Sweet and hot Italian sausages
Black pepper from a mill
Unsalted butter
Green peas, parboiled and shocked in ice water
Canned tomatoes, crushed in their own juice
Heavy cream
Parmesan cheese, grated
Dry rigatoni
Coarse salt

Notice anything missing?

There are no measurements, no indication of how much cream to add, how much meat! Ever seen a recipe written like that before?!

Essentially, Luongo says, he wants to teach people to cook the way Italians cook, which is not by following recipes to the letter. He wants to inspire home cooks to make recipes their own.

He writes, "Here are some recipes for some of the dishes that have most informed my palate, and my life. I'm sharing them in the same way I presented recipes in my first cookbook, without quantities and with only a few cooking times for guidance. I know that you have the common sense to buy the right amount of ingredients to serve the number of people you'll have at your table, and that if you're a little off, you'll find something to do with an extra carrot, or a few slices of left-over pot roast. Moreover, I have always believed that cooking should be an instinctual act and that food should express the taste, experience and even the mood of the cook."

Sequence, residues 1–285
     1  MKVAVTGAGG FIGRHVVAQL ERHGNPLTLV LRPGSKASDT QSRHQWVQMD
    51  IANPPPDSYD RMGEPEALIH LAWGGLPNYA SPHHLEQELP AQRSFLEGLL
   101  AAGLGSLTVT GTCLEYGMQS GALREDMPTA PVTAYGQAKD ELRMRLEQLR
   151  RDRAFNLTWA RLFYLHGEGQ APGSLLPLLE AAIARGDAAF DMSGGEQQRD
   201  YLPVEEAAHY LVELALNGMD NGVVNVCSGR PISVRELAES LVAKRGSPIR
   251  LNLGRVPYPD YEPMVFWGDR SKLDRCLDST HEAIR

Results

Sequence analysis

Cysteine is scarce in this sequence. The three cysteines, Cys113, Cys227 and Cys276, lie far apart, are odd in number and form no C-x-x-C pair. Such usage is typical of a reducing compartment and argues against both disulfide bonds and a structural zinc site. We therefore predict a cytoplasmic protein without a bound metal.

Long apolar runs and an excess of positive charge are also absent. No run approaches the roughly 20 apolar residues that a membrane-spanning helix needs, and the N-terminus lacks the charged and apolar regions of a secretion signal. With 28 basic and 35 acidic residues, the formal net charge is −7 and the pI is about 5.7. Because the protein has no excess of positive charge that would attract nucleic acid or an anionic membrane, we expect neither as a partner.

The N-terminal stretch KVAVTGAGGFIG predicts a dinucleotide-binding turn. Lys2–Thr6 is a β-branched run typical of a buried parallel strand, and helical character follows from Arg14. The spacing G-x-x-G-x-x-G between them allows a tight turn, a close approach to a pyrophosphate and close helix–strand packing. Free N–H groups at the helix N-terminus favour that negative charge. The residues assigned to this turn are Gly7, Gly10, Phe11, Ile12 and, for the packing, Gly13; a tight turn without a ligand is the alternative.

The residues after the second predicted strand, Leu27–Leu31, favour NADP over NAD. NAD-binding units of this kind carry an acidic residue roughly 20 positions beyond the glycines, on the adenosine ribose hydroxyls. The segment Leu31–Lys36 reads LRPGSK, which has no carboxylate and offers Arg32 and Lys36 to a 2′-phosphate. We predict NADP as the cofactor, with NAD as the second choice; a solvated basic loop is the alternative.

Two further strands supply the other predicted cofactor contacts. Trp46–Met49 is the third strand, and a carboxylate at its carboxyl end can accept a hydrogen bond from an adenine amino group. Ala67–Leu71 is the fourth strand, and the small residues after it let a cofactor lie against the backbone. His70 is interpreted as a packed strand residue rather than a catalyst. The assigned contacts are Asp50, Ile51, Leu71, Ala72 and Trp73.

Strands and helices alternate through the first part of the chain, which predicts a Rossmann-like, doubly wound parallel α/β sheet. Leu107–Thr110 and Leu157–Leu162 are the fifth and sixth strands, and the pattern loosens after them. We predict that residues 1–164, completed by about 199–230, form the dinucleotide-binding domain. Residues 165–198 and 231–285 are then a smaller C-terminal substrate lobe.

At one point in the book Pino remarks, "If there's one accomplishment I'd like to be remembered for, it's popularizing Tuscan food in America. If there's a second, it would be improving the quality of the pasta served in American restaurants."

He goes on to say that Americans basically need to forget everything we know about pasta making. For starters, it's essential to cook the pasta al dente ("to the tooth"). The pasta is supposed to finish cooking in its own sauce. Luongo says that, in his first years as a chef, this led to many arguments with customers who would try to send back their "raw" pasta!

It's important to choose the correct type of pasta for your sauce. Luongo writes, "It's like choosing a suit. The right suit will show off the beauty of a man's body and also the elegance of the suit."

Also, pasta isn't noodles topped with sauce; the two are supposed to blend together. When you finish your plate of pasta, there should be just enough sauce to mop up with a single piece of bread.